Cathy Yan’s upcoming DC film Birds of Prey (and the Fantabulous Emancipation of One Harley Quinn) has gained a lot of media attention with its new portrayal of Harley Quinn, played by Margot Robbie. This new depiction of the comic book character Harley Quinn first made waves in 2016 with the release of Suicide Squad, directed by David Ayer. Although sold as a standalone villain recruited to save Gotham, she is more rendered as the property of the Joker, her villain boyfriend. The sub-plot of the film follows the Joker’s vengeful quest to reunite with Harley as she awaits his arrival while traveling with the other villains throughout the destroyed city.

The first previews of Birds of Prey shows everyone’s favorite anti-heroine as a playful, independent and evolved woman. The subtitle of the movie almost speaks for itself; Harley Quinn is frees herself from the controlling and domineering Joker and is finally able to become Harley Quinn, not just “Daddy’s Lil Monster.”

All it takes is a female creator behind the scenes to emancipate women from the unfair stereotypes the male gaze places upon them. Some of the most talked about movies and television shows this past year have been women created, written and/or directed and star a women majority cast; ushering in the era of the female gaze.

Little Women

Greta Gerwig’s bold retelling of the classic novel of the same name Little Women depicts the unapologetic and brave nature of the young March sisters as they try to make their own way in the world by following each woman in their individual and unique journey. Olivia Wilde’s mischievous coming-of-age story Booksmart creates such relatable characters and touches on the fears all young people face as they venture out into the world on their own, while also normalizing taboo subjects such as female masturbation and alternative gender identities.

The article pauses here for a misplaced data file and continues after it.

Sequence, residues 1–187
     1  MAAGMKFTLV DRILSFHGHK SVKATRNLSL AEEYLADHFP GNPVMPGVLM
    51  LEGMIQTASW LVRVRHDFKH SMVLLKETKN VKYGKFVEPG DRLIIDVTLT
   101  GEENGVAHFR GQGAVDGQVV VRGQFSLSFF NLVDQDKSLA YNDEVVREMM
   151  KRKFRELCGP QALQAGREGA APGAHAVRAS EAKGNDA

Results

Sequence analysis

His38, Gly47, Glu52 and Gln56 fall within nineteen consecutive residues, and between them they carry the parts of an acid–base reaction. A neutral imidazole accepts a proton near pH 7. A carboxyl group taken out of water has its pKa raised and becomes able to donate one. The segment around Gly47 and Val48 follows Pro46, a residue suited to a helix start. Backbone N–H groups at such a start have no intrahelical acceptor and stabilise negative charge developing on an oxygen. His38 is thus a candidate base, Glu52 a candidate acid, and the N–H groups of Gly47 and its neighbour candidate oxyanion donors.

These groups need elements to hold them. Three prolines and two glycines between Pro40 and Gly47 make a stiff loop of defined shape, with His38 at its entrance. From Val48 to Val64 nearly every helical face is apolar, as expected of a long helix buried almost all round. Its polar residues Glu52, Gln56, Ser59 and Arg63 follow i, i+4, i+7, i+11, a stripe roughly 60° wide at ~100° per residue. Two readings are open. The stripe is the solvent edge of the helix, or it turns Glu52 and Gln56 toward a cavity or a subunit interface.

Lorene Scafaria’s girl gang hit Hustlers takes the cliché trope of female strippers and does a complete 180 by focusing on the sisterhood of these women, their ingenuity and their loyalty to one another. Writer Lena Waithe and director Melina Matsoukas’ modern adaption of Bonnie and Clyde, Queen and Slim depict an educated and strong black woman who becomes a symbol for change and agent against racism instead of becoming the common victim of oppression or martyr to be grieved for.


In terms of television and streaming shows, BBC America’s Killing Eve created and written by Phoebe Waller-Bridge explores the power dynamics between women and reveals the dark sides women can possess. Apple TV’s Dickinson created by Alena Smith takes the famous poet Emily Dickinson and tells the story of her youth through a modern lens while delving into her feelings of sexual desire, her sexual exploration and the formation of her identity in the 1800s. Lastly, Netflix’s Glow created by Liz Flahive and Carly Mensch with Orange is the New Black creator Jenji Kohan executive producing brings together women of all colors, shapes, sizes and ages and traverses the struggles they encompass individually and together as a family.

Queen and Slim

In these films and television shows, women are more than just one dimensional characters that exist for the purpose of a male protagonist’s story. We as the audience are able to empathize with them by seeing through their perspectives as they interact with their environment and the people around them. The female gaze teaches us a lot on what it really means to be a woman in our society; the secrets we keep, our fears, our insecurities, our ambitions and our desires. That is why it is so important for women, and especially young girls, to see themselves reflected on the screen. As activist Marian Wright Edelman once said, “You can’t be what you can’t see.”